3. 3. This distinction did a lot of work for the logical positivists. Among other things it allowed them to make sense of mathematical claims. “2+2=4” seems true independent of how the world is. But how can this be, if all knowledge comes from experience of the world? The positivists said that such a claimis analytic, and hence only a ‘truth about relations of ideas.’ We define the meaning of ‘4’ as ‘2+2.’ It’s true by conventions, by stipulation, not true of the world. The Verifiability Theory of Meaning How do words get their meaning? If I say ‘water is blue’ and ‘aqua es azul’ those two sentences ‘mean the same thing.’ But what does it mean to ‘mean the same thing?’ According to the positivists, the meaning of a sentence is how you verify it. If there is, in principle, no way to verify a statement, then it’s meaningless. So ‘water is blue’ means ‘if we look at water, we’ll see it is blue.’ Ditto with ‘aqua es azul.’ Only statements that are testable have any meaning. Experience is the only source of knowledge and meaning. Observational Language and Theoretical Language The positivists divided meaningful statements into two categories. Observational statements and theoretical statements. But exactly how we draw this distinction is tricky. Do ‘observations’ have to be with the naked eye? Do augmentations like telescopes and microscopes count? Can we ‘observe’ an electron? Not directly, but we can see consequences of electrons. Does that count? Context of Discovery, Context of Justification The positivists distinguished between the context of discovery and the context of justification. Scientists don’t always discover their ideas in a purely scientific fashion. Einstein said he knew relativity was true long before he could test it because ‘it was so beautiful it must be true.’ But what legitimizes science is not how the ideas are discovered, but how they’re verified. It was only when Einstein’s ideas were tested and verified that they became science. The positivists weren’t interested in history or discovery. They focused on the justification, and ignored biography. Problems with the Verifiability Theory of Meaning The verifiability theory says that much language is meaningless Poetry, ethics, and theology aren’t verifiable. The positivists accepted (even embraced) this. We can jerry-rig meaningless statements to make them testable. ‘Water is blue and Absolute Spirit is perfect’ can be tested by falsifying the first part.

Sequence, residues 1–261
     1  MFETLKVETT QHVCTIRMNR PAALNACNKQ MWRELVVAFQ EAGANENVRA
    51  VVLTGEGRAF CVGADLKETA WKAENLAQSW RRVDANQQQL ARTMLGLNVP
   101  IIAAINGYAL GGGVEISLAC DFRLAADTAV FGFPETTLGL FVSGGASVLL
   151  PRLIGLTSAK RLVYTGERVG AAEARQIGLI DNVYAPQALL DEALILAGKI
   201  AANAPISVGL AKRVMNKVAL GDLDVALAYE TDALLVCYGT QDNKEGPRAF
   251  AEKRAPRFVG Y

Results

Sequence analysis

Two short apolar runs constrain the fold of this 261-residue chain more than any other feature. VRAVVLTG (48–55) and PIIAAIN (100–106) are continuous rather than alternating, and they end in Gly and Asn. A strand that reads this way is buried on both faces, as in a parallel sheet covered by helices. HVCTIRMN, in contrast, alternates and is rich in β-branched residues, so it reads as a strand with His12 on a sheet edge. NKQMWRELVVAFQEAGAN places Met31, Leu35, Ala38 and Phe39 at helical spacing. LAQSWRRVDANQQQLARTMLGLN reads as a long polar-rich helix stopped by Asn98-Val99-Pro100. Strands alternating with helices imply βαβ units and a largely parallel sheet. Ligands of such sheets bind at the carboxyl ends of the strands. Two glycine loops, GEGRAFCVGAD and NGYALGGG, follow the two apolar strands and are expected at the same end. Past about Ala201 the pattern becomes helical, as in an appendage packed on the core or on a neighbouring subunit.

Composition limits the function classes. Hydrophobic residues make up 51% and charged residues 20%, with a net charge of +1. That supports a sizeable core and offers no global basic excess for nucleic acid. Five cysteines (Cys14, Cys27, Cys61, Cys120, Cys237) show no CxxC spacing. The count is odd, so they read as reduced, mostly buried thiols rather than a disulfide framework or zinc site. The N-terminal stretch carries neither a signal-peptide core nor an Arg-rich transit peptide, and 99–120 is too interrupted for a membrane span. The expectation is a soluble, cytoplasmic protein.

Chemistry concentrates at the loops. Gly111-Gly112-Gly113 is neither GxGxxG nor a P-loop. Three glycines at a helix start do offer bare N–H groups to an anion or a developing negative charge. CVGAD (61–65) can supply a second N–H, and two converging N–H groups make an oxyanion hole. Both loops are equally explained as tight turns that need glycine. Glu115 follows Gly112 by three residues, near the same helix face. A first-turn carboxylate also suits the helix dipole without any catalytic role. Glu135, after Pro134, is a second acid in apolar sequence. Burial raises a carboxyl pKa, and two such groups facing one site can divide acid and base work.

4. 4. (If A is false, then A&B must be false, too.) The positivists tried to fix this problem, but only ended up digging themselves in even deeper. Quine’s “Two Dogmas of Empiricism” Perhaps the biggest objection to the empiricists came from W.V.O Quine. His “Two Dogmas” was a game changer, and is considered a classic modern philosophy. Quine thought that testing and meaning were holistic That is, you can’t test ideas in isolation; when you test one idea, you test every idea connected to it. Let’s say we perform a test of hypothesis X and get a result we didn’t expect. Is X falsified? Maybe we just miscalibrated our instruments. Before we can test X we have to assume a host of ideas (and we can never test all of those.) The First Dogma: The Analytic-Synthetic Distinction Quine’s argued there is no scientific way to make sense of the analytic-synthetic distinction. If he’s right about holism of testing then we also test our analytic beliefs, as well. Quine said we have a ‘web of beliefs’ that all make contact with the world through experience. If we hacve the right experiences, we might even revise analytic statements. Consider: non-Euclidean geometry and Schrodinger’s Cat. Logical Empiricismand the Hidden Structure of the World “Nature loves to hide” says Heraclitus. Lots of us think that science doesn’t just describe experience, but also describes nature. The view that science can talk about this hidden structure is called ‘Scientific Realism.’ Logical Positivismhas to deny this. Logical empiricism(the milder off-shot of positivism) wanted to avoid this problem. When scientists talk about electrons they seem to be talking about more than just patterns of experience. But ultimately empiricist principles had to reject the idea of ‘depths’ in nature (there is only surface.) The Fall of Logical Positivism/Empiricism Ultimately, the objections of Quine, scientific realists and others brought down logical positivism/empiricism. It’s a close to a completely rejected theory as we can get. Many of the positivists ideas still have some value, and will be preserved in future theories. But by in large, the most important lessons to be learned from the positivists are the limitations of empiricism and a caution to not be over-confident. Thomas S. Kuhn The main ideas postulated by him:  Pre-science  Normal science and scientific revolution  Paradigms